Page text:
STRUTHERS, Ohio (WKBN) – Ohio restaurants were closed in mid-March. Carryout has helped pay some bills, but it hasn’t been able to carry them. So, Congressman Tim Ryan came up with an idea to help.
On Monday, we looked into the idea and stopped by a local restaurant that has since reopened.
Alan Donatelli was walking booth to booth, talking with customers.
“Good. We had to come for the first day back,” said a Donavito’s customer.
Donavito’s reopened for the first time in 118 days. The Struthers restaurant had been closed for four months.
“I’ve had so many customers call, which is really nice. We’re just really excited to launch a new restaurant,” Donatelli said.
Donatelli used the downtime to make upgrades and renovations. He also provided some carryout services like selling racks of ribs, which was very popular.
Now, he’s back with in-house dining for lunch and dinner, cautious to see how it goes.
“I don’t believe if this continues for the rest of our lives with social distancing and 50% occupancy, no. In my industry, I don’t think we could stay open,” Donatelli said.
Ryan wants Congress to consider the Restaurant Act, which establishes $120 billion of support to help “mom and pop” places in the restaurant industry survive.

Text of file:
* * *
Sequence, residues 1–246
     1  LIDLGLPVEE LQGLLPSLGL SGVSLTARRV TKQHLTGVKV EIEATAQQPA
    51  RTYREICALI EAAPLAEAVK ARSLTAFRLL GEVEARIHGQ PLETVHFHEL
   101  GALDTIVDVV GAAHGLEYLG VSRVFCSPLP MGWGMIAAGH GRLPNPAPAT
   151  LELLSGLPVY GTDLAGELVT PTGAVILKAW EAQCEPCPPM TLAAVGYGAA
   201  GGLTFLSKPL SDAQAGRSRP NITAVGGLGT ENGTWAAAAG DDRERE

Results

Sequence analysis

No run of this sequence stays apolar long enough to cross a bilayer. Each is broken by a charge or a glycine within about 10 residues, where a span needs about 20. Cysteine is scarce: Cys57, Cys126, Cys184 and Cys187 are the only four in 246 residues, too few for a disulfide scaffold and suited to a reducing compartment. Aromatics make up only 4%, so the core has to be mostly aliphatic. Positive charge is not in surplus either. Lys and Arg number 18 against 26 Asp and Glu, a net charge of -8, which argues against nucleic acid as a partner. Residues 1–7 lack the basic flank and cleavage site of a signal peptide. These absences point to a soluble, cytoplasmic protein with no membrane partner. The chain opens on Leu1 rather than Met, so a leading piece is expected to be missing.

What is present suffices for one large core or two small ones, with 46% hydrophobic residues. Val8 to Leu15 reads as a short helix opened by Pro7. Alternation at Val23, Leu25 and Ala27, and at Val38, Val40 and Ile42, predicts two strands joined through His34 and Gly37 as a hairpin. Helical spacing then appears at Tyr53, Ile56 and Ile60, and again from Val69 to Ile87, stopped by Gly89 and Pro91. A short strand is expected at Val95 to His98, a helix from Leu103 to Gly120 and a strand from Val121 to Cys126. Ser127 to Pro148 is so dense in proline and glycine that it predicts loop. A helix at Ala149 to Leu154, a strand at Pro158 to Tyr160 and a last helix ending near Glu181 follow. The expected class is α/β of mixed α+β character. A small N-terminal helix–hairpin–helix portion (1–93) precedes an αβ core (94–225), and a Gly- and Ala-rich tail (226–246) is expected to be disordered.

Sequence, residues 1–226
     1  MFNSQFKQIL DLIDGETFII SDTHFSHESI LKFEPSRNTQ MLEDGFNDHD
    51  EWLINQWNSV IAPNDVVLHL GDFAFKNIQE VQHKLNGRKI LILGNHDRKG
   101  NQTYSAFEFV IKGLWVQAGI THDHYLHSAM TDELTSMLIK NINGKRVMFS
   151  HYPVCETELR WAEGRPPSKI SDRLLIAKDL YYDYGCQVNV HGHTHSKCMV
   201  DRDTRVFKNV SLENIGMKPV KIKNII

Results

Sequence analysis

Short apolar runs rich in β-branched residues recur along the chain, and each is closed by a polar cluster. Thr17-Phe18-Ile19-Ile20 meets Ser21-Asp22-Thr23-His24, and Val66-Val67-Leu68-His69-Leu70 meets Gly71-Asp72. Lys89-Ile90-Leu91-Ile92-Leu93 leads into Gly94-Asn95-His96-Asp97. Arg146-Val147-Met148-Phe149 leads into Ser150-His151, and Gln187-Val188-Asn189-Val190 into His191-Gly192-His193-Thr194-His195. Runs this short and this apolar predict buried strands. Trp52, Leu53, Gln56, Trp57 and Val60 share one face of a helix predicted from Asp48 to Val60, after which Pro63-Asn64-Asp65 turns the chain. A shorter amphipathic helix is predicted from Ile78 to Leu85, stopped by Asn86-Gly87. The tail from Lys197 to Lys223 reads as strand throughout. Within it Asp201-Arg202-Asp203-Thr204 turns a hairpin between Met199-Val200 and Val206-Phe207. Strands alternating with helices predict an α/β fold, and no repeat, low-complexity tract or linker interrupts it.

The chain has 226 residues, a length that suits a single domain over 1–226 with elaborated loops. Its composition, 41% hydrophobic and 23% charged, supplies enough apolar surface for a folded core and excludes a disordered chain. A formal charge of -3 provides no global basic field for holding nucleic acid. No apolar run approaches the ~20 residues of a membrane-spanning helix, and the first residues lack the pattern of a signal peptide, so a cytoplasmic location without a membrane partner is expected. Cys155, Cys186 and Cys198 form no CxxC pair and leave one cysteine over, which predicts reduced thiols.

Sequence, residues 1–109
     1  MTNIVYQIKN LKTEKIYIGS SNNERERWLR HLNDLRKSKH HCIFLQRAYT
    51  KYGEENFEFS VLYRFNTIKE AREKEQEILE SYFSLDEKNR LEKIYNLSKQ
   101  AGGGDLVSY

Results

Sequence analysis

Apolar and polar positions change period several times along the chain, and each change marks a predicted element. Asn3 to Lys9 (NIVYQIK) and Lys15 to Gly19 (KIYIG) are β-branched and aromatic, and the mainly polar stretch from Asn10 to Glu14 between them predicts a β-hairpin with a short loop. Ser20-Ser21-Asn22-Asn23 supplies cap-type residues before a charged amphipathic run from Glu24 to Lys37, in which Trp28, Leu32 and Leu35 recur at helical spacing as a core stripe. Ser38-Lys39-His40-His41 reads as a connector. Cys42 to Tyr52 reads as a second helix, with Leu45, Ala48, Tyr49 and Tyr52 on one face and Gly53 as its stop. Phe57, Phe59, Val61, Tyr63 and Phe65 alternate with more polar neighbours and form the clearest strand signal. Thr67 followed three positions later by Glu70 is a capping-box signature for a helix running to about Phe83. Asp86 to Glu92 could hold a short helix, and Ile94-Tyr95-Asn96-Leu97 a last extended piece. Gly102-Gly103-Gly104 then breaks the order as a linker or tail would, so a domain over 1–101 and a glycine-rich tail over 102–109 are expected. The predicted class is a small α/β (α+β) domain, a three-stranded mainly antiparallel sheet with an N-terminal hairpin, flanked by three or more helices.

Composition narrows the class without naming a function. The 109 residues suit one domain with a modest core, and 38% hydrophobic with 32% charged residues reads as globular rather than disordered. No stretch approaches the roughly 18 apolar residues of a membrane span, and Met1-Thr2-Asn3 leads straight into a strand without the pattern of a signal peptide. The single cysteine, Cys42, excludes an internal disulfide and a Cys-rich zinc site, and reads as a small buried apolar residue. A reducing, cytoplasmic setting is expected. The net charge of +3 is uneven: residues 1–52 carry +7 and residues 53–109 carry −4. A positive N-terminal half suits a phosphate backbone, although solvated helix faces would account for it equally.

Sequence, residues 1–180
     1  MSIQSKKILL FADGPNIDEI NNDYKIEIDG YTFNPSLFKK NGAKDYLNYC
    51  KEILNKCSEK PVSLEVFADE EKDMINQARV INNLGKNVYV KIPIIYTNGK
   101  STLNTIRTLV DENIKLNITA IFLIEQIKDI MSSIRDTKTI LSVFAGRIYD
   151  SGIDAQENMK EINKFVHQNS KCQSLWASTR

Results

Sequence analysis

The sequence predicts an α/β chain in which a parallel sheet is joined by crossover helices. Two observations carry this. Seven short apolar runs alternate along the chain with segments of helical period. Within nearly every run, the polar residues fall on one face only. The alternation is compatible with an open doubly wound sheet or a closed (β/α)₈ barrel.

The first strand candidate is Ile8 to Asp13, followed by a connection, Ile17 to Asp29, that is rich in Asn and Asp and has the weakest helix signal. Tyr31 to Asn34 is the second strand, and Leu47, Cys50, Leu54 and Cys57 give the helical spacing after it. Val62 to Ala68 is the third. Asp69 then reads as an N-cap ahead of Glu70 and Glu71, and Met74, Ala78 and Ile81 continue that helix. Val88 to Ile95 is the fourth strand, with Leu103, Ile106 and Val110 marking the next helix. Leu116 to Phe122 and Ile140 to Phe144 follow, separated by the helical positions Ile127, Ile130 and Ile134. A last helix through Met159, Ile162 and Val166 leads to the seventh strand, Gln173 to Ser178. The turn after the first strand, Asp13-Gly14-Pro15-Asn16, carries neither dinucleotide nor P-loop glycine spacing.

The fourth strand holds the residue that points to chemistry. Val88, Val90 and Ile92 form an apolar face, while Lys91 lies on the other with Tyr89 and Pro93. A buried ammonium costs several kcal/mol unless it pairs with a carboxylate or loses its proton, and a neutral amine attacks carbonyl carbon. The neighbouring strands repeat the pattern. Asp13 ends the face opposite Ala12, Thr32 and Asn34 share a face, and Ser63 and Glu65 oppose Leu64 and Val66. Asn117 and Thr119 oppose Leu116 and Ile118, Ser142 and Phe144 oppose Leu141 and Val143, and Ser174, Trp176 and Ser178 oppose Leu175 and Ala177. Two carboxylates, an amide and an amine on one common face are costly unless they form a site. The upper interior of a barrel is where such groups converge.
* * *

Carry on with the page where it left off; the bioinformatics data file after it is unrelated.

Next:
“It could be used for payroll, it can be used to pay suppliers, it could be used for inventory. This is going to have a great deal of flexibility,” Ryan said.
It would be a straight grant, no loan, paying the difference between a restaurant’s revenues this year and last year’s.
“Sure it’s enormous, if something like that could happen,” Donatelli said.
For now, Donatelli will keep serving customers, in-house and carryout.
If help comes, he’d welcome it, but he’s really looking for a complete return to normalcy.
“I love it. This has been my life for 37 years. I’m very excited about today,” Donatelli said.
Ryan’s Restaurant Act is geared toward restaurants that are not publicly traded or part of a chain, and have revenues less than $1.5 million.